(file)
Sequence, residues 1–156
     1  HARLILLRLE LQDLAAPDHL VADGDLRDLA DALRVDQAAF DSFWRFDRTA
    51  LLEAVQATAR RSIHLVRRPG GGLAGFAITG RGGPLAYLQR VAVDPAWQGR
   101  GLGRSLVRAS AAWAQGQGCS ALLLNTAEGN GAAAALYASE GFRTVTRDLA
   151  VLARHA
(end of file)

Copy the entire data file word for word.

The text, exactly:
Sequence, residues 1–156
     1  HARLILLRLE LQDLAAPDHL VADGDLRDLA DALRVDQAAF DSFWRFDRTA
    51  LLEAVQATAR RSIHLVRRPG GGLAGFAITG RGGPLAYLQR VAVDPAWQGR
   101  GLGRSLVRAS AAWAQGQGCS ALLLNTAEGN GAAAALYASE GFRTVTRDLA
   151  VLARHA